The John W. Campbell Award for Best New Writer went to Wesley Chu who has also won an Alex Award for The Lives of Tao (PRH/Angry Robot, 2013).
In response to accusations of ballot stuffing the nomination process, many voting members elected to select “No Award” rather than see the Hugo go to a title supported by the conservative group known as the “puppies” (see our overview of the controversy).
This occurred in the categories of Best Novella, Best Short Story, Best Related Work, Best Editor, Short Form, and Best Editor, Long Form, each of which were “won” by No Award. Many of these categories were either overwhelmingly affected by the ballot stuffing or only included “puppy” nominees.
In their liveblogging of the event, io9 said: “voting ‘No Award’ is a very legitimate choice, that’s always been possible. And it’s a very legit response to a small, tiny group of people trying to exploit a loophole in the nomination process to impose their choices on the vast majority of fans. This is fandom rejecting abusive behavior, and also saying that they want science fiction to have an open mind and consider many viewpoints.”
It’s no surprise that the success of HBO’s Game of Thrones is spawning a whole new appreciation for the genre in the TV world. Variety trumpets that “Game of Thrones Leads Fantasy TV’s Transformation from Geek to Chic” noting, “On tap for the 2015-16 season are no fewer than five series based on literary works that deal with magic, monsters, mythical realms or heroic quests.”
Those five series listed below:
MTV’s The Shannara Chronicles — ten episode series to begin January, 2016. Based on Terry Brooks’ Shannara series, the first in the book series is Sword Of Shannara, but the first in the TV series will be based on the second book Elfstones Of Shannara. Tie-in — see our movie and TV tie-ins.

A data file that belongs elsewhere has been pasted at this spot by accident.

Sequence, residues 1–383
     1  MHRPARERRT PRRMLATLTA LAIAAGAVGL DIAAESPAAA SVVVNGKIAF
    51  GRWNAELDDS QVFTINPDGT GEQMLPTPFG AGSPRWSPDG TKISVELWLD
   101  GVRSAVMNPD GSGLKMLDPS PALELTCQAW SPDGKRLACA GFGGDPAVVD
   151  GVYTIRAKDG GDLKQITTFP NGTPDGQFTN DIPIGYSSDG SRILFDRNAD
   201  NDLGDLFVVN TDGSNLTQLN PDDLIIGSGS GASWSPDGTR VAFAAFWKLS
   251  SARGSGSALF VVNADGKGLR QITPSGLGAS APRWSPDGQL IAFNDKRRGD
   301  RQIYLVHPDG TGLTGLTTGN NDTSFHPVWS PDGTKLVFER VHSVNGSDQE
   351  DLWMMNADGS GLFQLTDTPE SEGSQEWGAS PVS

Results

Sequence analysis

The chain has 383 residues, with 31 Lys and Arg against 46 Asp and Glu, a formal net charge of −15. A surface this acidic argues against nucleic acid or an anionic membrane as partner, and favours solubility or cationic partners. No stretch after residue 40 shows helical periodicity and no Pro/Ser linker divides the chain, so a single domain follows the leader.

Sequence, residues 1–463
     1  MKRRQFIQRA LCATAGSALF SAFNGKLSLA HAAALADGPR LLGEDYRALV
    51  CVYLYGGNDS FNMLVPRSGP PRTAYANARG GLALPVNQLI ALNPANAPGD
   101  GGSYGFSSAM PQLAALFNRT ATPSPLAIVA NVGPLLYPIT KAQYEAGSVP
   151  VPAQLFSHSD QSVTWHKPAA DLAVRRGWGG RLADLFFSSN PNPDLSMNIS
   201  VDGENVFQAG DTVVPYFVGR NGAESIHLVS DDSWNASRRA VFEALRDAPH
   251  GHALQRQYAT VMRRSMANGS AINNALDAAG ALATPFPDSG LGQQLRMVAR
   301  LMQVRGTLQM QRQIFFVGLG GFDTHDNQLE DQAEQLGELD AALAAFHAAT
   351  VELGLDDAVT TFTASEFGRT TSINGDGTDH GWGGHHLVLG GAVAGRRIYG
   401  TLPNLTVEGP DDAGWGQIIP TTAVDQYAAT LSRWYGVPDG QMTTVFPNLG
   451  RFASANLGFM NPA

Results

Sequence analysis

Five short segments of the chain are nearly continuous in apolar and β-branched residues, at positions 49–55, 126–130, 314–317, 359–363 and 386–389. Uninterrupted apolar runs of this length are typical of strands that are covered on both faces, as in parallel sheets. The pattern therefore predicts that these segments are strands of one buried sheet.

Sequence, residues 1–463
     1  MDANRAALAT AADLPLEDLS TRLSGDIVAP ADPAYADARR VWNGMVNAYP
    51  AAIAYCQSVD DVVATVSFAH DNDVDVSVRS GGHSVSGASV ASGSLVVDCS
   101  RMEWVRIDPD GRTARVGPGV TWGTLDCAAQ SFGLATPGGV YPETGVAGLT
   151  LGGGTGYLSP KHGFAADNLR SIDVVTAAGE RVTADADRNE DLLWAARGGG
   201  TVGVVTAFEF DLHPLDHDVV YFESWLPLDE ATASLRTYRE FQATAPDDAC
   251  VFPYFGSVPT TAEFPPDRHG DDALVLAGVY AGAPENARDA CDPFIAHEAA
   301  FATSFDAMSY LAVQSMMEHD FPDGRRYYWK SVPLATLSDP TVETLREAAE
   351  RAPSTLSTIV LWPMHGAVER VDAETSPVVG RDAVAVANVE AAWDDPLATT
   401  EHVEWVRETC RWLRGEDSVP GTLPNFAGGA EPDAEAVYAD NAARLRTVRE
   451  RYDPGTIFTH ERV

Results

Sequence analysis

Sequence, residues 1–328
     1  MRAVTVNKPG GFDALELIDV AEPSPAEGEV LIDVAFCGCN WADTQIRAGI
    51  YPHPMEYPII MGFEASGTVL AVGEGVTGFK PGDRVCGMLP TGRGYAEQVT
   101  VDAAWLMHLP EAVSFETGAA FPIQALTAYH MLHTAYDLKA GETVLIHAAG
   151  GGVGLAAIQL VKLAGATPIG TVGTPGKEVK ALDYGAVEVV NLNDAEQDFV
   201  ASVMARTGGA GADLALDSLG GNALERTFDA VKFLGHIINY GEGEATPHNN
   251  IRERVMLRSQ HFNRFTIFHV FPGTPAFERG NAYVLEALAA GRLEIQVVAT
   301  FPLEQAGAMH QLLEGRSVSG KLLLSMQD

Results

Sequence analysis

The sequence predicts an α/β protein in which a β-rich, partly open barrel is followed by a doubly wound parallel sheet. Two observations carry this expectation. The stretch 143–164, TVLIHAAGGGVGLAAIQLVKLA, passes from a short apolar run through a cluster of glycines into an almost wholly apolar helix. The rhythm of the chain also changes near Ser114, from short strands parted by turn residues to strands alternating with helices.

Syfy’s The Magicians — twelve episode series to begin January, 2016. Based on Lev Grossman’s The Magicians fantasy trilogy (The Magicians, 2009; The Magician King, and The Magician’s Land). No tie-ins have been announced.
ABC Family’s Shadowhunters — Early 2016. Cassandra Clare’s YA series beginning with The Mortal Instruments: City Of Bones, (S&S/ M.K. McElderry Books, 2007). It was also made into a movie in 2013. Plans to turn it into a franchise when it flopped at the box office. the producers think it will do better as a TV series. Tie-ins — see our movie and TV tie-ins. Web site: Shadowhunterstv.com
NBC’s Emerald City — 2016, A “modern reimagining” of Frank L. Baum Wizard of Oz, with stories drawn from all 14 books in the series. No tie-in has been announced.
Starz’s American Gods — 2016. Based on Neil Gaiman’s American Gods, (HarperCollins/Morrow, 2001). No tie-in has been announced.
John Scalzi is a name to know in the world of SF, but as he wryly observes in L.A. Times, that is “exactly like being the best-known bluegrass artist in the country.”
Readers’ advisory librarians will disagree. Scalzi is not only an award winner but also a reliable sure bet for recommendations. It is true, however, that he has yet to gain major name recognition outside of science fiction’s devoted circle of fans.
That is likely to change. He signed a multi-million dollar contract with Tor last spring for 13 books to be delivered over the next 10 years.
The New York Times reported the story at the time and quoted Patrick Nielsen Hayden, the executive editor for Tor, that while Scalzi has never had a “No. 1 best seller he backlists like crazy … one of the reactions of people reading a John Scalzi novel is that people go out and buy all the other Scalzi novels.”
As Scalzi told Den of Geek in a recent interview, some of the 13 new books will be YA titles (they won’t necessarily be SF or fantasy; one is a contemporary story), and will include an epic space opera outside his established Old Man’s War series.
He also has an audio-only project in the works for Audible (unavailable to libraries, but sister Amazon company, Brilliance often publishes Audible titles as CD’s).
In addition, several of his titles have been optioned for TV series. That bluegrass analogy is likely to change.
Philip K. Dick is having something of a moment … yet again.
Long beloved in the SF world, his novels and short stories have also long been adapted into movies including Total Recall, The Adjustment Bureau, Minority Report, Blade Runner and A Scanner Darkly.
Now Dick is poised to make a splash on the small screen with a TV version of Minority Report (actually a sequel to the movie starring Tom Cruise, which was in turn based on the 2002 short story by Dick). airing on FOX beginning Sept. 21 and an adaption of The Man in the High Castle streaming via Amazon Prime starting Nov. 20 (poster at left, above and the cover of the most recent reissue of the book, HMH, 2012. No tie-in has been announced).